Party consisting of plurality of persons 

If a party consists of a plurality of persons, an appeal against a decision which adversely affects this party has to be filed on behalf of all these persons through their duly determined common representative (see G 3/99, OJ 2002, 347, where multiple opponents file a joint opposition; T 1154/06, with respect to joint proprietors of a European patent; see also R 18/09, with respect to joint proprietors and a petition for review) (T 755/09).

In G 3/99 (OJ 2002, 347), the Enlarged Board of Appeal held that where the opposing party consisted of a plurality of persons, an appeal had to be filed by the common representative under R. 100 EPC 1973. Where the appeal was filed by a non-entitled person, the board of appeal was to consider it not to be duly signed and consequently invite the common representative to sign it within a given time limit. The non-entitled person who filed the appeal should be informed of this invitation. If the previous common representative was no longer participating in the proceedings, a new common representative should be determined pursuant to R. 100 EPC 1973 (see also R 18/09).

In order to safeguard the rights of the patent proprietor and in the interests of procedural efficiency, it had to be clear throughout the procedure who belonged to the group of common opponents or common appellants. If either a common opponent or appellant (including the common representative) intended to withdraw from the proceedings, the EPO had to be notified accordingly by the common representative or by a new common representative determined under R. 100(1) EPC 1973 in order for the withdrawal to take effect (see e. g. T 562/13).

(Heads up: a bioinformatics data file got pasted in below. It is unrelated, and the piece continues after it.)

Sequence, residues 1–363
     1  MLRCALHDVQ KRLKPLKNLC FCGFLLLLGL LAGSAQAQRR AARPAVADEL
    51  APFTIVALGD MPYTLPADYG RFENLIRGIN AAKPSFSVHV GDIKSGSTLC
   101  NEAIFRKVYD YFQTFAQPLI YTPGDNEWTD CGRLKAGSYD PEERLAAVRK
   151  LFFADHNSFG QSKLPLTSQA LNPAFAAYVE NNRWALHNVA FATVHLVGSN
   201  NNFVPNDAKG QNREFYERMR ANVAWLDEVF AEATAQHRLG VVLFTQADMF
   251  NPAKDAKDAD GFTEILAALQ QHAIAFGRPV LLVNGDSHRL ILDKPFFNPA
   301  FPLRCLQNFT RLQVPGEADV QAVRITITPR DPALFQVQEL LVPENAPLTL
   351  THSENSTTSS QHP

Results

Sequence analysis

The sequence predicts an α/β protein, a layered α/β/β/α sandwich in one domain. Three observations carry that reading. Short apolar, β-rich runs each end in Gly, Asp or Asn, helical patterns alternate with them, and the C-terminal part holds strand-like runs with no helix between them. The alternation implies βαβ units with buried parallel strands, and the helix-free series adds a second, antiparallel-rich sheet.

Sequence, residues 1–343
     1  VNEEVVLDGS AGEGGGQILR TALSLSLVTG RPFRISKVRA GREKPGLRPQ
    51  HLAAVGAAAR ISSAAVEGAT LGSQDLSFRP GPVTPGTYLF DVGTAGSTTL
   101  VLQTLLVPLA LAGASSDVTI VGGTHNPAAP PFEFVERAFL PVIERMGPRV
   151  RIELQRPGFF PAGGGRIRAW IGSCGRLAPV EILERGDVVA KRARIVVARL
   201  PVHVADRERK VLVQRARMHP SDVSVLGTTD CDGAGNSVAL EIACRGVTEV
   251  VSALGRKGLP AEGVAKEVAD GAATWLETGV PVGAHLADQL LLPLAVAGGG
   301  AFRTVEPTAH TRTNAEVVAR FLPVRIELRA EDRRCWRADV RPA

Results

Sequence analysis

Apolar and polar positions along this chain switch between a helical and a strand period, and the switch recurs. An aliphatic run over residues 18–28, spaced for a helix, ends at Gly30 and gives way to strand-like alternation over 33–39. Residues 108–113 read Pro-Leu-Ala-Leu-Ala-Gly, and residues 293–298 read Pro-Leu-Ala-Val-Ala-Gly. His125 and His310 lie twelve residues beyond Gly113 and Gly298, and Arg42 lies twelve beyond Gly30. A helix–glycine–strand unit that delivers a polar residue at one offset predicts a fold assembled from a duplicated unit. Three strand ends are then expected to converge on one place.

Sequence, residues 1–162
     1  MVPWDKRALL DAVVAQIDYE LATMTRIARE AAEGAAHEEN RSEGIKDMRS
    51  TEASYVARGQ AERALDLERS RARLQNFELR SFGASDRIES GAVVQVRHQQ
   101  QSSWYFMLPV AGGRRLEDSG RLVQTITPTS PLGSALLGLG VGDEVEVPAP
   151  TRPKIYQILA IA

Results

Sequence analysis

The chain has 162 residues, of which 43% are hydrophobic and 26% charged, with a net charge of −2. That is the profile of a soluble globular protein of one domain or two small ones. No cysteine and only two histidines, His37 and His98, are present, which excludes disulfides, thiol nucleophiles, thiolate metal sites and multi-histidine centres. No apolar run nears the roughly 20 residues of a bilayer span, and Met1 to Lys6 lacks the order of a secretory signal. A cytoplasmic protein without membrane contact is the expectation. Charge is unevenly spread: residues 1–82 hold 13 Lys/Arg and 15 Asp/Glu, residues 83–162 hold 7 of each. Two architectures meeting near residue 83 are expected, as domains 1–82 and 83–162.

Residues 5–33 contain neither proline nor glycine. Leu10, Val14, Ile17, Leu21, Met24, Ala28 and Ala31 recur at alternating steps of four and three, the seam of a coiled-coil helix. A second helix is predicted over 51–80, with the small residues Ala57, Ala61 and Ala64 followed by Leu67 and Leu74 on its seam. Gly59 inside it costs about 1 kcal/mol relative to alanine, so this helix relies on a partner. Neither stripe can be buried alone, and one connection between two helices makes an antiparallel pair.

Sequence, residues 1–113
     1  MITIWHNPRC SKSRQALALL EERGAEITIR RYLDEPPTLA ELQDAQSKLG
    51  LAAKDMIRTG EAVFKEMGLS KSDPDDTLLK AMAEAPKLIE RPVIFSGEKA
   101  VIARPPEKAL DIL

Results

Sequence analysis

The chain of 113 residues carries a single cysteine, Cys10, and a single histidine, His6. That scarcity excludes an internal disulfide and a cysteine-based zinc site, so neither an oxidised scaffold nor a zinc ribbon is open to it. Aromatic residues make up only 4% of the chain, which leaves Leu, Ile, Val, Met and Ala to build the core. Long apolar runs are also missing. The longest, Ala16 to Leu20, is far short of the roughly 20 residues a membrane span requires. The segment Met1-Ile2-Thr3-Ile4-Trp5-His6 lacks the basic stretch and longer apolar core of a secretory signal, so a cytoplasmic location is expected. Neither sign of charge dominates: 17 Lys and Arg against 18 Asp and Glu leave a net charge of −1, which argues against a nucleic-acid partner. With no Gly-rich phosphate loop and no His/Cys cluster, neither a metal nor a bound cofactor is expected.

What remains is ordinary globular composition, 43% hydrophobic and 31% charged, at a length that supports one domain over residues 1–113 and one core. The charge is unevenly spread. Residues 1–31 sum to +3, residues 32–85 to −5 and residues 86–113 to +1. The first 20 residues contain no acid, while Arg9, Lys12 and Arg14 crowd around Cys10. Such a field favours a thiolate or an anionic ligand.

Where an appeal is filed by only one of several joint members of a party and where this member is not the common representative, the board of appeal should send the common representative a communication giving him the opportunity to fulfil the necessary requirements of the EPC (see G 3/99, T 1154/06). If the common representative does not do so, the notice of appeal is deemed not to have been filed. Such an appeal is thus treated in the same way as an appeal filed but not signed by an authorised person (R 18/09; see also T 755/09).

In T 755/09 the appeal was filed only on behalf of one of several persons who, at the time of filing the appeal, were the joint applicants of the application in suit (see Art. 59 EPC). In principle the appeal had therefore to be held inadmissible in accordance with R. 101(1) EPC. The board pointed out that the case did not come under the category calling for a communication under R. 101(2) EPC inviting the appellant to remedy deficiencies under R. 99(1)(a) EPC within a specified period (see G 1/12, OJ 2014, A114). The notice of appeal was unambiguous nor did the appellant ever claim that the notice of appeal contained a deficiency under R. 101(2) EPC. The legal remedy foreseen in R. 101(2) EPC therefore could not apply (see also T 656/98, OJ 2003, 385).

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